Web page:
November 19, 2018
Originally posted 2018-06-13 6:19:21
By Shandice Sluch, Staff Writer | www.amdlawgroup.com
The esteemed author William Shakespeare once said, “A rose by any other name would smell as sweet”. Does that same idea apply to the copyrightability of street art?
The term street art is defined as any visual work created in public locations. Some common media include spray paint, stencils, sticker art, street installations, and sculpture. However, the legality of this street art becomes a problem when it is not commissioned. Most call this unauthorized street art, graffiti–or even vandalism. These different ways to describe street art have led to a divide within the legal community.
Under copyright law, only three things are required to qualify for protection. The artwork must be 1) fixed in any tangible medium, 2) an expression, and 3) creative. Graffiti, a subset of street law, undoubtedly meets these requirements. It is a creative expression fixed on a wall or other structure. Therefore, it should be eligible for protection.
If the analysis only looked to copyright law, graffiti artists would win every time. Unfortunately, this simple answer could become more complex when the location of the graffiti art is considered. Those who attach a negative connotation to unauthorized graffiti believe in an expanded analysis. They propose that the distinction between commissioned and unauthorized art should dictate whether or not the work receives protection against infringement.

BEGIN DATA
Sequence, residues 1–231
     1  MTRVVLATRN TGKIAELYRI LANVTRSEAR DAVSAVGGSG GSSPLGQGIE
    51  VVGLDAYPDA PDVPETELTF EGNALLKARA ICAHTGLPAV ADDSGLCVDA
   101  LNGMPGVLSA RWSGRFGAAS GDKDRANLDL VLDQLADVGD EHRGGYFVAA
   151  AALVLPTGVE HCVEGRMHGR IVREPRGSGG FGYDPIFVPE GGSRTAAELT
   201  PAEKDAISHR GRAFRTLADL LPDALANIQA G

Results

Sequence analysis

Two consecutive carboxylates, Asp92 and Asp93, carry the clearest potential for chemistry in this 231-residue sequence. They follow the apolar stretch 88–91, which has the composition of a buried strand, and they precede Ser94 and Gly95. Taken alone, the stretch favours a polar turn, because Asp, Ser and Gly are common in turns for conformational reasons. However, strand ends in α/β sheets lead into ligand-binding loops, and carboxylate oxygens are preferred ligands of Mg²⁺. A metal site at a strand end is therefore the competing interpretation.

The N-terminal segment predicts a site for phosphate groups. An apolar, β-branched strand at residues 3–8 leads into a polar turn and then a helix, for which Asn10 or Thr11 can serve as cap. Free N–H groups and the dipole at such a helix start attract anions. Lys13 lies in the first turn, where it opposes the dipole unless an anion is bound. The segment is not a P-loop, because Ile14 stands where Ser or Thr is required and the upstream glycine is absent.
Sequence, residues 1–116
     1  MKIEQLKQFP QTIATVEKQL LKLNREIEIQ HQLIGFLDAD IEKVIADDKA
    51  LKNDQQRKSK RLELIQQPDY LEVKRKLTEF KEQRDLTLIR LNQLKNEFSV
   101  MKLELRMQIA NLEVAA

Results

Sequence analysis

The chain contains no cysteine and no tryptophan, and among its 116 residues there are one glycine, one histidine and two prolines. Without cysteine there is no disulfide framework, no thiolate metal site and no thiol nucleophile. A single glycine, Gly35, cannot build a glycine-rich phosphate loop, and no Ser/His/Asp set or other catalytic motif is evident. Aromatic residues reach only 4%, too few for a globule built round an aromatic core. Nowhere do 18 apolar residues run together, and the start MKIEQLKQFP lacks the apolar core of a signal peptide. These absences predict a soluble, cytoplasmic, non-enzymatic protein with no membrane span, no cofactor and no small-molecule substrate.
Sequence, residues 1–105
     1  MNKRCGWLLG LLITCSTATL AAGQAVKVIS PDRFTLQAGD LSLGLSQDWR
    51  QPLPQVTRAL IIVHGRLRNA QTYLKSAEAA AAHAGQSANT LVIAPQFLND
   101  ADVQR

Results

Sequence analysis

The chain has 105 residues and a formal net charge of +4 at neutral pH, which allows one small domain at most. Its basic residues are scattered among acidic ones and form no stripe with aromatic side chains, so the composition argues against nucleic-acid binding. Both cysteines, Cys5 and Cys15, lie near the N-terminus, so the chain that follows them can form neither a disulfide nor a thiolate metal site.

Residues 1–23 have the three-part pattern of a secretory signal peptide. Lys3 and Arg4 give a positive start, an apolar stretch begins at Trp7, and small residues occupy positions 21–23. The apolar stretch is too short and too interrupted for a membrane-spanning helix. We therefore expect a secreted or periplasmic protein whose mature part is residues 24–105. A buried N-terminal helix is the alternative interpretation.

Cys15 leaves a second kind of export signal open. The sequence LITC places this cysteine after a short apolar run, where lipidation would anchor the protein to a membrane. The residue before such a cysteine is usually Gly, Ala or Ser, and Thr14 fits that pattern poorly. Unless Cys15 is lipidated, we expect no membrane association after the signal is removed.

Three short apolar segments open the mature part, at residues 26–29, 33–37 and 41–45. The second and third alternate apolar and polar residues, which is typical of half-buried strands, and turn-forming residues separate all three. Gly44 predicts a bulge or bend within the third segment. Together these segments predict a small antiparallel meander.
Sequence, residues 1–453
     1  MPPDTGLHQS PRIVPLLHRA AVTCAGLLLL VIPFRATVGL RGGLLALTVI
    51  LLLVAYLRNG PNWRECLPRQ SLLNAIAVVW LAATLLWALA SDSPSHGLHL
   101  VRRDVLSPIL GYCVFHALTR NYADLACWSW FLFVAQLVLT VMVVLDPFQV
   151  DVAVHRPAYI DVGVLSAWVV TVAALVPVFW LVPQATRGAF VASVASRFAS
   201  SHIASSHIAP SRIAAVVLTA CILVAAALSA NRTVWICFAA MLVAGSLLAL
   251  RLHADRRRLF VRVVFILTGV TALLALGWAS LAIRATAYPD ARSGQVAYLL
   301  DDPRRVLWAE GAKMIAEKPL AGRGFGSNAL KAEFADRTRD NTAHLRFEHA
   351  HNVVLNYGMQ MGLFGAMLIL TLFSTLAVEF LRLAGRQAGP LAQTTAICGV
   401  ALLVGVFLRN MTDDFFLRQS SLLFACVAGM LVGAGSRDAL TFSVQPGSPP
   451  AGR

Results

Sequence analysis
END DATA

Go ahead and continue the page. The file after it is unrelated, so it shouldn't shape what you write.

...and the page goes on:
However, the Copyright Act does not mention or allude to legality as a necessity for protection. In fact, the core purpose of the 1976 Copyright Act is to “promote the Progress of Science and useful Arts, by securing for limited times to Authors and Inventors the exclusive Right to their respective Writings and Discoveries”. The Court has since expanded the definition of “Writings and Discoveries” to include modern forms of art. Graffiti fits within this modern form of art and it fits within the purpose.
To work around this clear-cut conclusion, defendants are forced to use other avenues to disclaim the plaintiff’s right to copyright protection. They often find themselves relying on the “unclean hands” doctrine. This doctrine, originally a defense in contract law, basically states that the plaintiff should not benefit from an illegal act. This definition would technically apply to unauthorized street art. The backdoor defense has been used by many fashion brands, including American Eagle, Moschino, and H&M.
H&M, a well-known Swedish fast fashion retailer, is the latest to use this defense. When REVOK, a popular graffiti artist, noticed his art being used in a H&M advertising campaign, he sent H&M a cease and desist letter. Instead of complying, H&M filed a lawsuit against REVOK. They essentially said his “illegal graffiti art” was not worthy of copyright protection—but it was worthy of being exploited for monetary gain.
After the public heard of H&M’s stance regarding graffiti artists, there was a social media frenzy. Numerous Twitter users called for a boycott of H&M goods. Shortly after, H&M tweeted that they “respected the creativity and uniqueness of artists, no matter the medium”. Despite this statement, the case is still pending in federal court. The legal community anticipates that this case will decide whether graffiti art warrants copyright protection.
The dispute involving H&M and REVOK is not the first copyright infringement case involving graffiti.
As the number of cases regarding graffiti copyrightability increase, the court will have to take a stance.
Should the courts focus on the circumstances surrounding the creation of the street art? Or, should they focus on the rights of the artists, regardless of how the work was created?
In the end, is street art by any other name (graffiti), still art?